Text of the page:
Miami University Movement Lab faculty conduct research in motor control and learning, biomechanics, postural control and chiropractic.
Motor control and learning.
Biomechanics and sport.
Motor control and chiropractic.
Miami University Movement Lab Recent Research
Here are some recent research projects.
The previous level of gravitational load is an important factor to consider in determining kinematic and EMG responses to the current level during loading and unloading below standard g.
Significant improvement in objective and subjective outcomes were found after a pragmatic course of care including spinal manipulation in LSS patients.
Non-contact boxing training had a modest positive effect on the frequency and timing of anticipatory postural adjustments resulting from self-induced postural perturbations in healthy adults.
For situations in which participants cannot visit a laboratory (e.g. performing athletes, community dwelling clinical patients, and virus risk concerns) an in-home portable force plate is a trusted and valuable data collection tool.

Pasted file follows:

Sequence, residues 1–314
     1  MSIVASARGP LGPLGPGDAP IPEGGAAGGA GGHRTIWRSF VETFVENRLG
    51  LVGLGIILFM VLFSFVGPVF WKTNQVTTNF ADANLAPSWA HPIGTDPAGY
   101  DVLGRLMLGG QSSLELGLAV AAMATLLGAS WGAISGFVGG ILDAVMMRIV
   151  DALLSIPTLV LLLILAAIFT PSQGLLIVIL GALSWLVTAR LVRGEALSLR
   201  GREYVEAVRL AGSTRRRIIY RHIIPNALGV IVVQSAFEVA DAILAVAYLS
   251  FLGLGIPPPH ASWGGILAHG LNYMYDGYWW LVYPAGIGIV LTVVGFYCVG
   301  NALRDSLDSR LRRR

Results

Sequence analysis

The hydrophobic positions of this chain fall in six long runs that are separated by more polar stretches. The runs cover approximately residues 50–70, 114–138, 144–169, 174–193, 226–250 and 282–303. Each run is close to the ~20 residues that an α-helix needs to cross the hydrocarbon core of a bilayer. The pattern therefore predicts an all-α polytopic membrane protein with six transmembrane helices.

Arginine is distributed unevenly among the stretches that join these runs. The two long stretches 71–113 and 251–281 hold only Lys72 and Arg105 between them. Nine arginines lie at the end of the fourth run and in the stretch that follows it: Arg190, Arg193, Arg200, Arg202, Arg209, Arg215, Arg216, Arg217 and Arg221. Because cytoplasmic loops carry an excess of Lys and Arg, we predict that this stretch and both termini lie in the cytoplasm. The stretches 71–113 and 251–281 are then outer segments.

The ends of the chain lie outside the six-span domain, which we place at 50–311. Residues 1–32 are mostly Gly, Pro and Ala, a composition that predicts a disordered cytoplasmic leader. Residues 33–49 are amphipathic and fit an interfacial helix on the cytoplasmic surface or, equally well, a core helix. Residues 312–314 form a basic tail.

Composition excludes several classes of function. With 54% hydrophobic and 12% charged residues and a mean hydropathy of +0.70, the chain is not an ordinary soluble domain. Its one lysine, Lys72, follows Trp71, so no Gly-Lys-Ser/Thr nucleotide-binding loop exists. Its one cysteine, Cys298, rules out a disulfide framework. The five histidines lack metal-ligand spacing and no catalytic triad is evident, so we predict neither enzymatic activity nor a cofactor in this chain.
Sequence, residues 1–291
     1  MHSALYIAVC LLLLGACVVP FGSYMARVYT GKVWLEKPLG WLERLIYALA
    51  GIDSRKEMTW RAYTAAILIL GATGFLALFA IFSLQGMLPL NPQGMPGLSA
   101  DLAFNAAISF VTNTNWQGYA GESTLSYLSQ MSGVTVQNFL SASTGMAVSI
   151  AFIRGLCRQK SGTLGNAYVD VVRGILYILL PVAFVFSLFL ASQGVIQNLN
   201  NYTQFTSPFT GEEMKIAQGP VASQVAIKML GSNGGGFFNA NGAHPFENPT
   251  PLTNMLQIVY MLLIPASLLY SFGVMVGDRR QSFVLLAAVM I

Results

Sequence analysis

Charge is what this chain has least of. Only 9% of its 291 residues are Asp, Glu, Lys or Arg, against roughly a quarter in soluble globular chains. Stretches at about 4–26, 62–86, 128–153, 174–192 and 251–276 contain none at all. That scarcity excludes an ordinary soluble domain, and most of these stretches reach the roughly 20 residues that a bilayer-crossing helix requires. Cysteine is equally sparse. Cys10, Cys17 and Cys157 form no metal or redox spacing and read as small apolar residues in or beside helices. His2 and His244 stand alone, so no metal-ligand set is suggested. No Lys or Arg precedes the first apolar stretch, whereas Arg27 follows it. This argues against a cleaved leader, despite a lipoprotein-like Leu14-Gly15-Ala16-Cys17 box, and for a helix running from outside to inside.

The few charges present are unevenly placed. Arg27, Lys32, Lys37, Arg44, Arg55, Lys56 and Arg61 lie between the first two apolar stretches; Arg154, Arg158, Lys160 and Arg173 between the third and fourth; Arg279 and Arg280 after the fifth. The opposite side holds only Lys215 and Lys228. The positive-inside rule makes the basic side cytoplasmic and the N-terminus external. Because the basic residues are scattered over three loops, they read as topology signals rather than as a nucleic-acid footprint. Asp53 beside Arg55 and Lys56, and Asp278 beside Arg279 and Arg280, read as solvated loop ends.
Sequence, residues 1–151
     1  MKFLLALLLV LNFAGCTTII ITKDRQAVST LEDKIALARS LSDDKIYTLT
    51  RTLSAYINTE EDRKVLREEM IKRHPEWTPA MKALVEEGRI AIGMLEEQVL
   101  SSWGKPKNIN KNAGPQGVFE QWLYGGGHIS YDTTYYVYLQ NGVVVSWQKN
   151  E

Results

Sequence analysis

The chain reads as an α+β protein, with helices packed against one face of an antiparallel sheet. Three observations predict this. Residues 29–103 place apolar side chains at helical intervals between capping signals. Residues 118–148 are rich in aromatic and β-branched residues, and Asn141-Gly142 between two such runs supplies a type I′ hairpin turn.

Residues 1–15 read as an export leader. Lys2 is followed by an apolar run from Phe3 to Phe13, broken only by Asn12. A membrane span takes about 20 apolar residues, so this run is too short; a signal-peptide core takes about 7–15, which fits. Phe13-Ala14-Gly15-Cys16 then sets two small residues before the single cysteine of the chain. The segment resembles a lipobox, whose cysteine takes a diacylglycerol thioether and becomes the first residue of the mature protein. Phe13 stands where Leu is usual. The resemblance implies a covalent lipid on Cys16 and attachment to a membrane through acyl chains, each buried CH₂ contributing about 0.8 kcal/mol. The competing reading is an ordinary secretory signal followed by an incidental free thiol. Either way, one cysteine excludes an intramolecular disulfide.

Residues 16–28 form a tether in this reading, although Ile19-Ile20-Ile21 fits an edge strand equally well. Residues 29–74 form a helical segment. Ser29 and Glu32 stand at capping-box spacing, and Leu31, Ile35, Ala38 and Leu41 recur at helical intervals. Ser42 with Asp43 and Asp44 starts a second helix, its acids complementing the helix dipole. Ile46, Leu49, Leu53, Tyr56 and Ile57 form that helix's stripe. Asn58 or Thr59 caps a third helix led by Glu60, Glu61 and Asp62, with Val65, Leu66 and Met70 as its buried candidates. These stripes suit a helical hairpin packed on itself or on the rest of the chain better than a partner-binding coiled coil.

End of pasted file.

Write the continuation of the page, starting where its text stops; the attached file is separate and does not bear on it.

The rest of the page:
Experiment determined the information referent on which catchers base their anticipatory neuromotor control when catching balls of unknown weight, and how catchers use this functional referent.
Following an endurance run, there were plane specific movement adaptations in postural sway that may have resulted from neuroprotective changes under extreme fatigue.
Our lab is interested in understanding both basic questions and practical application (e.g. sports, medicine) regarding the control of human movement as well as the control of stability.
The analysis and assessment of human movement during sport activities is of particular interest. Jumping, walking, running, golf, gymnastics and other various other exercise activities are investigated.
Research is focused on how chiropractic affects perception and action. Interested in pursuing clinical questions such as how does chiropractic affect postural stability and movement dysfunction?